The international press is doing its best to hype critical remarks about Israeli Prime Minister Netanyahu uttered by Yuval Diskin, the retired head of the Shin Bet security service into a sign that the government is in trouble. Diskin, a respected figure that retired last year is the latest veteran spook to express his disdain for Netanyahu and Defense Minister Ehud Barak and their stance on the nuclear threat from Iran. That there is a debate in the highest intelligence circles about what the best strategy for dealing with Iran has never been a secret. But what Diskin’s comments and other attacks on Netanyahu from former Mossad chief Meir Dagan reflect is not so much a revolt of the experts against the politicians but a standard trope of Israeli politics in which those who are frustrated about the fact that their ideas have not won the support of the Israeli public seek to overturn the verdict of democracy by appealing to the press and international opinion. It is no more likely to succeed now than in the past.

Though foreign news outlets treated Diskin’s remarks, as a huge story that can be spun as part of a negative trend for Netanyahu even the left-wing press in Israel is skeptical about that. Haaretz’s Yossi Verter noted that the personal nature of Diskin’s rant against Netanyahu and Barak at what he termed a “gathering of defense establishment pensioners” undermined their credibility. Unlike the foreign press, most Israelis are aware that Dagan’s animus against Netanyahu and Barak stems from the fact that he was fired from his post. That Diskin was passed over to replace Dagan may also explain his hard feelings. Moreover, the utter lack of public support for alternatives to Netanyahu or his policies makes the claim made in today’s New York Times that there is an “avalanche” of criticism about his stand on Iran farcical.

Roth - So many foreign "activists" here. Why?

Sushi place on Jerusalem's Emek Refaim:
As conflict zones go,

not quite a hardship posting
Frimet/Arnold Roth..
This Ongoing War..
29 April '12..

It's no secret that Israel's side of this ongoing war is told in ways that frequently suffer from excessive political spin and agenda-advancement. We have met hundreds of foreign journalists who have been based here for days or months over the last few years, and while many of them seem to be completely innocent of any historical background, it is striking to see how many have an actively hostile standpoint that comes through in the reports they publish.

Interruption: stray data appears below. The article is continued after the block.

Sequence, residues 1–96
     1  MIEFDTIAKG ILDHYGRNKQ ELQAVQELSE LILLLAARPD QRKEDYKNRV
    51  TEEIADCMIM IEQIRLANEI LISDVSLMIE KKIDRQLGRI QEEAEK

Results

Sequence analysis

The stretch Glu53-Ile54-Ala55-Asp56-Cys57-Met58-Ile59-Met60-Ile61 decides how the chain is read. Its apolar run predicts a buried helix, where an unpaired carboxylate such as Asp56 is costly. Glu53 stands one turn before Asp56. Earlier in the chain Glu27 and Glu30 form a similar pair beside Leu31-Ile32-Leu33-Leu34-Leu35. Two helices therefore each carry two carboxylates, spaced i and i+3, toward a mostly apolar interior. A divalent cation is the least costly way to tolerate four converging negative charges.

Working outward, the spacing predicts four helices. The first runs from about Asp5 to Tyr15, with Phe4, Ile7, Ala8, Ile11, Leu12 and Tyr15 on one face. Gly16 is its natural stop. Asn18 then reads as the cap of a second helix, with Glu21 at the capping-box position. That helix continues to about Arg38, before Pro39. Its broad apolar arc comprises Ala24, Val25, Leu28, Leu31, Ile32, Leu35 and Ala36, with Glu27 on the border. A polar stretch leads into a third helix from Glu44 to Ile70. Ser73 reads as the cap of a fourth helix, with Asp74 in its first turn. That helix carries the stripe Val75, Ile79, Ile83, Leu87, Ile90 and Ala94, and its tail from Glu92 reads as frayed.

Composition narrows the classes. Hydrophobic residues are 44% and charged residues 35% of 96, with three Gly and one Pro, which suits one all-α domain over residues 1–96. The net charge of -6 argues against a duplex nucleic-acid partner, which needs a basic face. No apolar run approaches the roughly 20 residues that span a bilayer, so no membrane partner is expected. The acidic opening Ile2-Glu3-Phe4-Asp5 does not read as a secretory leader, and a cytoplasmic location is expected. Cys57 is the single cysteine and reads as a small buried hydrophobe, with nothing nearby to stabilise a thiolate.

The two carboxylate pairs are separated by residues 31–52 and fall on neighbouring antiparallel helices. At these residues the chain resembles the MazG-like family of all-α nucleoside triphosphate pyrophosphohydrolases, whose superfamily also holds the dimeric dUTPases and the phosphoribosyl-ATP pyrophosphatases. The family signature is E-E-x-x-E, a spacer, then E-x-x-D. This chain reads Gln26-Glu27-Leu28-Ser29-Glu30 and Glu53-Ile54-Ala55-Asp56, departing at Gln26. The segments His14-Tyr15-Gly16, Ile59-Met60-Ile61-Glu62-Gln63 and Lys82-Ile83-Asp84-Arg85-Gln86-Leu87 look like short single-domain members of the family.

There's something similar that can be said for the hordes of political 'activists' from Europe (and elsewhere, but in our experience it's mainly Europeans) who frequently get on-camera when there's a protest event against this or another aspect of Israeli policy. What brings them here?

An unassuming brief memoir penned by Tal Dror, a second-year student at the Hebrew University of Jerusalem who has been financing his way by working in a bar, throws some intriguing light on how and why we see so many European 'activists' and reporters in Israel. The article from which the following is excerpted was published on the Ynet site a few days ago.

How can a 20 year old Danish boy wake up one morning and tell his parents he's flying to the Middle East? A foreign reporter from Spain, who loves Israeli red wine, told me once how every foreign correspondent dreams of being stationed in Israel. "This is a foreign correspondent's paradise!" she said. "Where else can you go to restaurant in a city such as Tel Aviv, grab a drink, or go dancing on Dizengoff Street, and sleep at a fancy hotel, when the only thing that separates you from your authentic 'battle field' report is a 45 minute drive into Jerusalem or Bil'in and Naalin? ...I asked them once this one clichéd question that always comes to mind – "So why Israel of all places? Why not Syria? Egypt? Russia or China?" One of them put on a serious face. "Are you insane?" he asked me. "These are all extremely dangerous places!" ..."So wait," I asked in all seriousness. "You wouldn't have come here if you thought you could get badly hurt?" My Swedish friend grinned. "I don't think so," he said. "I may be a radical, but I'm also a spoiled one!" And they both burst out laughing. That's when I realized that for many of those foreign peace activists, this is all just a game. And in this game we, the Israelis and Palestinians, are the pieces. They come from all corners of the world to a faraway country they have never been to before. They confront soldiers and policemen, blocking roads and holding signs. Moreover – as long as they have their cold beer by the end of the evening, as long as they lay their heads in a comfy and friendly hostel – they will continue to arrive. They take advantage of what we're most proud of: Our freedom, democracy and the tolerance that we're so afraid to lose. They take advantage of the strange system we have developed, the one that lets us disconnect ourselves from reality and continue with our lives even when real fighting takes place so close to us.